Elliot McAllister is the Founder of Skyphos, the first 3D printing fabrication system enabling a shift from the enterprise of mold-based prototyping and production for healthcare-based needs. Mr. McAllister has experience and expertise in Materials Science, Mechanical Engineering, Optics, and developing microfluidic platforms. He has an advanced degree from Virginia Tech where his research focused on micro-3D printing 4 different forms of solid matter. Based on additive manufacturing technology, Mr. McAllister launched Skyphos to eliminate the barriers to entry of new applications in medical diagnostics and focuses on micro-scale requirements of microfluidics (uF), Lab-on-a-Chip (LOAC), Point-of-Care (POC) devices, as well as the needs of the sensors community. Skyphos leverages robotics, specialized materials, and the innate flexibility of a Digital Manufacturing platform to enable start-ups to get to market sooner – and large companies to reduce costs associated with developing new ones. Elliot will be speaking at the upcoming virtual event focusing on 3D printing and Microfluidics.
When was the first encounter you had with 3D printing?
Elliot: I worked for a small start-up in Philadelphia making AWD mountain bikes. We had a new design for the front suspension steering crown, but not enough time or money to pay for the fabrication, so we had one 3D printed – it took 3-5 days to print something that today would be done in a few hours. It was cool to see the part, I didn’t get to see the process. That happened in 2005 with FDM machines. In 2010, I started working at VT on the micro aerosol AM system they had from Optomec, that system used a focused aerosol spray with particle/liquid suspension to lay a bead on a platform, and then a laser would sinter and fuse all the particles together into a solid object. It was incredibly interesting and challenging because there were not many materials or suspensions that had been developed – it was like drinking out of a firehose of info to understand all the different physics and chemistry that went into designing a resin and how it would interact with the process to make parts that had 5 um features.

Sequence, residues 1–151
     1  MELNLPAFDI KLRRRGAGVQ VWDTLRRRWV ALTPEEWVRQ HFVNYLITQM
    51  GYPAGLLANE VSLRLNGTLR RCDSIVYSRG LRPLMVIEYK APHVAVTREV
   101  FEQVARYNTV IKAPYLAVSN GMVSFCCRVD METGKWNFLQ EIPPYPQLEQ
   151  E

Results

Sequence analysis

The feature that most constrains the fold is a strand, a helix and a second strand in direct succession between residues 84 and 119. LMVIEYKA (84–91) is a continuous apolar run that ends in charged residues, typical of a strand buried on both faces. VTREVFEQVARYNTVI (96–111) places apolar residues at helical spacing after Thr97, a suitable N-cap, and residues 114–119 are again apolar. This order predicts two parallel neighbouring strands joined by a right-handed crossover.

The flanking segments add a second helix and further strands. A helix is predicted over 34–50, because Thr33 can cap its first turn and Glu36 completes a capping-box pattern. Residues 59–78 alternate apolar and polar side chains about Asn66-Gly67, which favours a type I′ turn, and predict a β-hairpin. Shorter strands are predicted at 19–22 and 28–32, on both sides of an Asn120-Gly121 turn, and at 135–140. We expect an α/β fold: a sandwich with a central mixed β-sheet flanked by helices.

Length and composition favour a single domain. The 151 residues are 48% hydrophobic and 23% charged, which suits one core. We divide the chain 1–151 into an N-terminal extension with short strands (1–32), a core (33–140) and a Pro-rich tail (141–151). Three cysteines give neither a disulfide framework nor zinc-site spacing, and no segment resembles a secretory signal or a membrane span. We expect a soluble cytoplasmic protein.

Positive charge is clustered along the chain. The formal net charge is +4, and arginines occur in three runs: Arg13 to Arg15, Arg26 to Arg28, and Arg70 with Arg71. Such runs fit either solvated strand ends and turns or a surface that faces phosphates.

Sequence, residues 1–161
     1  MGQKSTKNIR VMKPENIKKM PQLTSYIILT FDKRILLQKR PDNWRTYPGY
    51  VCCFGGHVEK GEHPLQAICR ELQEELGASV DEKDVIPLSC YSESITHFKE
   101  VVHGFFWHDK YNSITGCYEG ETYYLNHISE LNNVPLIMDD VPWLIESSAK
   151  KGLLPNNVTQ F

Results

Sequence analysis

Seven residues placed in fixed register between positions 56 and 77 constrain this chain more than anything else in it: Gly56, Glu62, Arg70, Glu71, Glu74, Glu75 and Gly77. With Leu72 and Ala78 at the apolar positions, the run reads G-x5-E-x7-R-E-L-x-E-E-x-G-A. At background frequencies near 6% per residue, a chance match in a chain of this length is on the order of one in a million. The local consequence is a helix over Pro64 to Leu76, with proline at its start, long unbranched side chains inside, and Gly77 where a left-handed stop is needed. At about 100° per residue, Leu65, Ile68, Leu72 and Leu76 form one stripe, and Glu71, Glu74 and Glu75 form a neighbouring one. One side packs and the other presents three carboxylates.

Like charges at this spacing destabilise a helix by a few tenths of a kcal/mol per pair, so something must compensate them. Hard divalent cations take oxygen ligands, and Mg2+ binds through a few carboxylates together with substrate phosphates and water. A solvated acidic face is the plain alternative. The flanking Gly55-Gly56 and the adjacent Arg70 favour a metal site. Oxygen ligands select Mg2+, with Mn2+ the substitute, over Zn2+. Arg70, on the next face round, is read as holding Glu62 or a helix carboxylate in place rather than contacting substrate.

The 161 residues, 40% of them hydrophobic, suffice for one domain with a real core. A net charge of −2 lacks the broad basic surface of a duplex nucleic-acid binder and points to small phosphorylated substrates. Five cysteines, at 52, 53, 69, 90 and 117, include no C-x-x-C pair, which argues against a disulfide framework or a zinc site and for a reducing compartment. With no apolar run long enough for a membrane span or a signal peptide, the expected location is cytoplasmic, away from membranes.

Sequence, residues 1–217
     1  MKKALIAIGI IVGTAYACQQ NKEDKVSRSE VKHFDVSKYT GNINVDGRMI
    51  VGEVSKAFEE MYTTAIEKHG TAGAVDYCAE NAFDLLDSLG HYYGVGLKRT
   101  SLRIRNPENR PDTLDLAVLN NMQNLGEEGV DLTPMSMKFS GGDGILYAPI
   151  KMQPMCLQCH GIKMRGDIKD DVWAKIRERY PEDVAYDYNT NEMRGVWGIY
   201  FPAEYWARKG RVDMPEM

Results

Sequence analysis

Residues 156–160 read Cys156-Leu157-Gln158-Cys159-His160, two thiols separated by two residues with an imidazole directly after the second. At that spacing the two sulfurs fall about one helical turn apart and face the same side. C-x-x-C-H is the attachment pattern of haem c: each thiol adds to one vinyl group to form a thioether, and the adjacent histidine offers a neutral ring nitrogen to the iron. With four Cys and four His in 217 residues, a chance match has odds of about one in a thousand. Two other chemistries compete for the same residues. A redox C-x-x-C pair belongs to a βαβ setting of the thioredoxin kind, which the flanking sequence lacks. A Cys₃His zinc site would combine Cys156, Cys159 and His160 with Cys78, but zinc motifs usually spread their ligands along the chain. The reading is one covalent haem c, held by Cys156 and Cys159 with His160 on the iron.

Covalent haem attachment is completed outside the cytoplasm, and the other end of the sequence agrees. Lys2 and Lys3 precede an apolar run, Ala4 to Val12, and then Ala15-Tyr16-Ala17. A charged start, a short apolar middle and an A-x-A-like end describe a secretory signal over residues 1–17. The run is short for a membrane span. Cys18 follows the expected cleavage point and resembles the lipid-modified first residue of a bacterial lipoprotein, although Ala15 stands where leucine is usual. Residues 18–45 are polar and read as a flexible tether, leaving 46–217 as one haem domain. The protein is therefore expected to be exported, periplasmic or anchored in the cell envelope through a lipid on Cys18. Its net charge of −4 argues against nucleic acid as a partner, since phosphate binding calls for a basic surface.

What inspired you to start this journey?
Elliot: I had taken all my required coursework for my PhD, and I was interested in parallel sciences. uF (microfluidics ) uses many similar techniques, lithography, and masking, to etch Si or create molds for clear polymers – these individual molds are the layers of a device for experiments or tests. The tests can be a myriad of things, DNA analysis, single cell sorting for disease or cancer recognition, etc..
It was in that class and the discussions on the challenges presented to product development/ rapid prototyping that it clicked. uF has a huge issue with any kind of pathway to get from ideation to prototype – much less production. Everyone at that time was talking about what “the next killer app” would be for uF -but there wasn’t even a first killer app on the market – the problem isn’t the application it was the manufacturing process. Taking what I knew about light-based 3D printing I drew up a roadmap on how DLP or SLA might be able to solve the problem and wrote a paper.
Shortly after I was leading a start-up that was developing a cell separation platform based in uF – the challenge then as predicted was the fabrication of devices. That company and others like it fail because of this main issue of “chip” fabrication. That 1-2 year span is where I made the recognition and then the commitment to solve this issue.
Who inspired you the most along this journey?
Elliot: I’ve been around biotech for as long as I can remember. My father, now retired, was a professor at SUNY Downstate in microbiology/immunology. I remember going to his lab and working on gel slabs for DNA separation before I graduated high school. Around 2009, I watched a show featuring Dean Kamen – an incredible inventor and proponent of STEAM/ young technologists and entrepreneurs – interview Dr. Atala from Wake Forest. That had a huge influence on me and made me decide to go back to graduate school at 36. VT has a relationship with Wake Forest and a good BioMed program. I lived just outside of Blacksburg where the University is located.
The most influential part of the journey for me was both seeing Dr. Atala’s lab – and realizing that all the technology for bio-printing he was working on had started life as an HP inkjet printer. I wouldn’t have seen it without being a part of the Davalos Lab at VT.